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A FTSE 100 stock I’d buy alongside the National Grid share price today

Alan Oscroft
Dice engraved with the words buy and sell

I’m a big fan of utilities companies when it comes to investing for dividends, and United Utilities (LSE: UU) has been one of the FTSE 100‘s long-term winners.

A steadily progressive dividend reached a yield of 5.1% for the year ended March, and the above-inflation rise predicted for the current year would yield 4.9% — down a little because the share price has appreciated over the past 12 months.

First-half results Wednesday saw a modest gain in underlying pre-tax profit, leading to a 3% lift to the interim dividend. Nicely ahead of inflation, that’s in keeping with full-year expectations.


Chief executive Steve Mogford said: “We are well prepared for the next regulatory period and are already moving forward with our implementation plans. This, together with the sustainable improvements in performance, gives us confidence that we will continue to create long-term value for all our stakeholders.”

One thing I like about water firms is they’re not as open to competition from the smaller providers that have been making inroads into the electricity and gas business. I’ve had my share of sales people at the door trying to get me to switch energy suppliers, but I’ve not yet had anyone making me an offer I can’t refuse for my sewage.

There are fears over how far Labour’s nationalisation plans might go if they’re elected, and we could be forgiven for thinking they might try to take over everything. But even assuming they can gain power, they’re talking about way more than they could realistically achieve even with several consecutive victories.

So, as always, I say ignore politicians and just look at the businesses.

No competition

Though I’d buy United Utilities, my favourite utilities firm has to be National Grid (LSE: NG), which also has a strong defence against competition. While others fight it out over who gets to collect the gas and electric bill money, it’s all delivered over National Grid’s distribution network and its shareholders get their cut.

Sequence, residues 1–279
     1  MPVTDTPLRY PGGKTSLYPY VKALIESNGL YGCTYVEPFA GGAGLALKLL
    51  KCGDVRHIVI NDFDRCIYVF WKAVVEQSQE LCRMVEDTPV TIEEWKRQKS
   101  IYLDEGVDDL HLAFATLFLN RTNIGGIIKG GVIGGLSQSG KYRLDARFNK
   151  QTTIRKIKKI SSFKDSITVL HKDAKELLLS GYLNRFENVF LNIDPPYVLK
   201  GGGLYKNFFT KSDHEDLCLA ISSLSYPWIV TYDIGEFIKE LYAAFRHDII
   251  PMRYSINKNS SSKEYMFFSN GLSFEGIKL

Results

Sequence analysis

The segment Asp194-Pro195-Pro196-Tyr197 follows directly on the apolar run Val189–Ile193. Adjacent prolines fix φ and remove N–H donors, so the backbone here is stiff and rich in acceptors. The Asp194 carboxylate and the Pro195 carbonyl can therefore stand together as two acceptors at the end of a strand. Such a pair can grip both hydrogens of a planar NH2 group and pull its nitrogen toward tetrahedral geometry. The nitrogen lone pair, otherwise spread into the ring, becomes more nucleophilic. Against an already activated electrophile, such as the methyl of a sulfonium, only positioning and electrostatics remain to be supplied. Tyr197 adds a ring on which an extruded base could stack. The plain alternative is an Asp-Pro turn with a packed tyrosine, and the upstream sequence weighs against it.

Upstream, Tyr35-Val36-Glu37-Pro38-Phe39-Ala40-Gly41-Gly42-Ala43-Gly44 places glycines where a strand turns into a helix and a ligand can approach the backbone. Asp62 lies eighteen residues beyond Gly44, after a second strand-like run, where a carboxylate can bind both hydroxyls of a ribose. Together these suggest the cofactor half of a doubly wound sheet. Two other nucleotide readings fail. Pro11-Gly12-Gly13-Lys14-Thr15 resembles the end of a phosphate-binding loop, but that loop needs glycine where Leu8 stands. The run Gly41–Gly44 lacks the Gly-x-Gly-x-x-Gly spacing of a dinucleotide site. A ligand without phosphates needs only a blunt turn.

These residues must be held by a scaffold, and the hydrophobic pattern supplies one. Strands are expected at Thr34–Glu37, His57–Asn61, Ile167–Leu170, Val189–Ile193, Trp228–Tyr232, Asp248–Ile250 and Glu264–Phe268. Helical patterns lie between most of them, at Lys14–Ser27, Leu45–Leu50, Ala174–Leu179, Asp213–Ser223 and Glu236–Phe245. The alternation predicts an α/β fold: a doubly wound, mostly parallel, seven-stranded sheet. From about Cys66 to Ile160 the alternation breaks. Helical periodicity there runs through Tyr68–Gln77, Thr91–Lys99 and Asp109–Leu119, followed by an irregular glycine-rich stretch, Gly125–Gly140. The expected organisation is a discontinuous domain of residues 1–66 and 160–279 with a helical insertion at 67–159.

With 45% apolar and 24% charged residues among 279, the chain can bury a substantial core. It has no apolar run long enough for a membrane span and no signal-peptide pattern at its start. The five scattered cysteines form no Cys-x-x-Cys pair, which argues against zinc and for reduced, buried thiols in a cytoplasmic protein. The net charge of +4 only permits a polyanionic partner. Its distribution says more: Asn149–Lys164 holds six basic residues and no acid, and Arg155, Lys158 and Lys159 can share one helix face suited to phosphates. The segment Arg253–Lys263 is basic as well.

National Grid’s six months figures showed a modest fall in pre-tax profit of 4%, but EPS picked up 2% and the company lifted its interim dividend by the same 3% as United Utilities. At the same time, the company reiterated its “policy of aiming to increase dividend per share by at least RPI for the foreseeable future,” and just keeping ahead of inflation is all that’s needed to grow your income stream to impressive proportions over the decades.


As further defence against pressures in the UK, both regulatory and political, National Grid also has its US operations, and those activities accounted for more than half of its £2.7bn of capital investment over the period. The company says it expects “to deliver good financial performance in our US business following the agreement of a number of regulatory filings.”

National Grid’s dividend has been yielding a little higher than United Utilities, with around 5.5% expected for the current year and next — and I reckon that’s one of the best dividends on the market. It’s not the highest, though it’s ahead of the overall 4.8% expected from the FTSE 100 this year. But with clear forward visibility, I reckon it’s among the most reliable.

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Alan Oscroft has no position in any of the shares mentioned. The Motley Fool UK has no position in any of the shares mentioned. Views expressed on the companies mentioned in this article are those of the writer and therefore may differ from the official recommendations we make in our subscription services such as Share Advisor, Hidden Winners and Pro. Here at The Motley Fool we believe that considering a diverse range of insights makes us better investors.

Motley Fool UK 2019